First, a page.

Christmas is not “the most wonderful time of the year” for everyone in our valley. This year, we have had a run of domestic violence murders, the most recent occurring just before Christmas. We now have four more motherless children in our community, who endured the trauma of being present during the beating death of their mother Amanda Hillious, and who now will likely only know their father from behind bars. Add to this the death of their paternal grandfather within days of their mother’s death. I can’t quite imagine a worse Christmas for Amanda’s children.
I shudder at the thought of Amanda’s last hours on this earth. If the events occurred as relayed in the press, I predict she thought only to secure her children’s safety, to ask them to avoid being witness to her murderer removing the life from her body. Despite the awareness of domestic violence in our society, the enhanced sentencing associated with family member assault, and domestic violence shelters’ efforts to provide a safe haven and support, this scourge on our community and families remains.
Back in 2006, I received a “Domestic Violence Professional of the Year” award. Ironically, in the same year, the only hate mail I received as a prosecutor was from domestic violence victims. I had victims refuse to testify against their perpetrators and change their testimony at the time of trial to protect their perpetrators. So why did the victims I sought to protect reject my efforts? Because the desire to maintain a family unit — despite the dysfunction and abuse — was more compelling than obtaining justice and ending the chaos. For the victim, “justice” came with significant consequences: economic uncertainty and potential homelessness, public exposure of family secrets, and children deprived of seeing the abusive parent (or worse, the inability to protect the children from abuse because the abuser retained his/her parental rights).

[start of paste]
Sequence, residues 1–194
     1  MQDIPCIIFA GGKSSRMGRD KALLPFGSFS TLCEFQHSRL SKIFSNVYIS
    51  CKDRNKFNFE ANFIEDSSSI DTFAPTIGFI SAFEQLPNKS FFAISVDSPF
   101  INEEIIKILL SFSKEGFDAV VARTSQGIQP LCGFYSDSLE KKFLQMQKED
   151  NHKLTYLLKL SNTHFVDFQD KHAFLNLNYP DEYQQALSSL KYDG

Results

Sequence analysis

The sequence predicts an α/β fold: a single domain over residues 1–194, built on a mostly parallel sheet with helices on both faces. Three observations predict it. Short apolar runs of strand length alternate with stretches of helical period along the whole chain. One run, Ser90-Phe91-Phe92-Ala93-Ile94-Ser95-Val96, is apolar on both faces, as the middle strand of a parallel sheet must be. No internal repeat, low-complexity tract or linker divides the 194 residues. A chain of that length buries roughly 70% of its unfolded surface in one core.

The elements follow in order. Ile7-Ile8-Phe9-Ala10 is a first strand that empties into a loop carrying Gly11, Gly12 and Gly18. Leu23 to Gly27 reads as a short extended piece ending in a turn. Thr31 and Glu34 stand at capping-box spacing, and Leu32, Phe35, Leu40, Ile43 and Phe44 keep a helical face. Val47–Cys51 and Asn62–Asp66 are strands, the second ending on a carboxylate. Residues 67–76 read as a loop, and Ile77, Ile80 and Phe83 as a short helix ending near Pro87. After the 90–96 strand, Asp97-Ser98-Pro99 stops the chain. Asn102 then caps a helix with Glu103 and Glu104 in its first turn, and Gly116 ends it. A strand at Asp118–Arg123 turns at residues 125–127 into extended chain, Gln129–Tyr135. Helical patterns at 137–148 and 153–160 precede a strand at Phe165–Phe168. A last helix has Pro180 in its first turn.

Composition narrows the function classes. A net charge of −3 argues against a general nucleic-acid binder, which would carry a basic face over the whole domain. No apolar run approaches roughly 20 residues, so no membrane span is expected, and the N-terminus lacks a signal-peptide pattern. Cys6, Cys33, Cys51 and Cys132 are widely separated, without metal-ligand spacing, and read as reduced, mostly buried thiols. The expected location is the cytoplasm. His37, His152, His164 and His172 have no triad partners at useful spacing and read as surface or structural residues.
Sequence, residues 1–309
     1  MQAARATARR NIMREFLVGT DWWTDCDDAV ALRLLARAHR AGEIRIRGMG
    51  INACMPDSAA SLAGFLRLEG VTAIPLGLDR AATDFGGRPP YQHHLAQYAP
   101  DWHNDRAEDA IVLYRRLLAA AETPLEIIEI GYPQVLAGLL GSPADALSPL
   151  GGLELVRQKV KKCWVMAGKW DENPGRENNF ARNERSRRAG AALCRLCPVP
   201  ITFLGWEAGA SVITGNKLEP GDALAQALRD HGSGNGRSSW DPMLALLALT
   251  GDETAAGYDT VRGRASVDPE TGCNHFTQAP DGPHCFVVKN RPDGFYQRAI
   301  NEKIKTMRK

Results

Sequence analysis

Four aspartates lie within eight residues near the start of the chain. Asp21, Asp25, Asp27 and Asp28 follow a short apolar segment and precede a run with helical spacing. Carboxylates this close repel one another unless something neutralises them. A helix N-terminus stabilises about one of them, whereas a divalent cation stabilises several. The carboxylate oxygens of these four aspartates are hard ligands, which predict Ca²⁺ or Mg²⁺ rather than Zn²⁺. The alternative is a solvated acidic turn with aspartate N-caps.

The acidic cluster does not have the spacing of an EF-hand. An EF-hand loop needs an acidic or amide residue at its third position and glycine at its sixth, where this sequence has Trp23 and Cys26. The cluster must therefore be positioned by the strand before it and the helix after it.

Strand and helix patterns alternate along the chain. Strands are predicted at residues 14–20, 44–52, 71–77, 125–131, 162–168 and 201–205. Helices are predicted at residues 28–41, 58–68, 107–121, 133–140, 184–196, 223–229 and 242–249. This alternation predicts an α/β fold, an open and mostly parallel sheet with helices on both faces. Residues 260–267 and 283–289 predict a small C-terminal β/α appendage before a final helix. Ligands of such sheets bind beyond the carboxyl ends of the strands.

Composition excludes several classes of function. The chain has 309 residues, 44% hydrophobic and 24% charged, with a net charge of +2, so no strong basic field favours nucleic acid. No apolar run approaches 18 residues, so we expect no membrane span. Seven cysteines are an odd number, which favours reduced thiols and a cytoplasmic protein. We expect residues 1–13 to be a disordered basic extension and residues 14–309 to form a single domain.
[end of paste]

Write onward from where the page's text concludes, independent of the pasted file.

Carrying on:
The cycle of violence — why a perpetrator harms a person he or she loves, why the victim stays, why a victim stops legal proceedings against a perpetrator — remains a psychological conundrum, challenging to explain and monumentally difficult to change. How many of us read Amanda’s story and initially thought, “why didn’t she … ?” I did and then promptly corrected myself. Victim blaming is an ignorant response that abusers use to justify their actions; if, as a community, our first response to Amanda’s story is also to victim blame, we do so in service of her murderer.
The truth is: it doesn’t matter what Amanda did or didn’t do; she didn’t deserve a death sentence. We owe it to Amanda’s children to ensure the blame for her death rests solely with her murderer, so that they may know some semblance of peace in the future.
Tammi Fisher is an attorney and former mayor of Kalispell.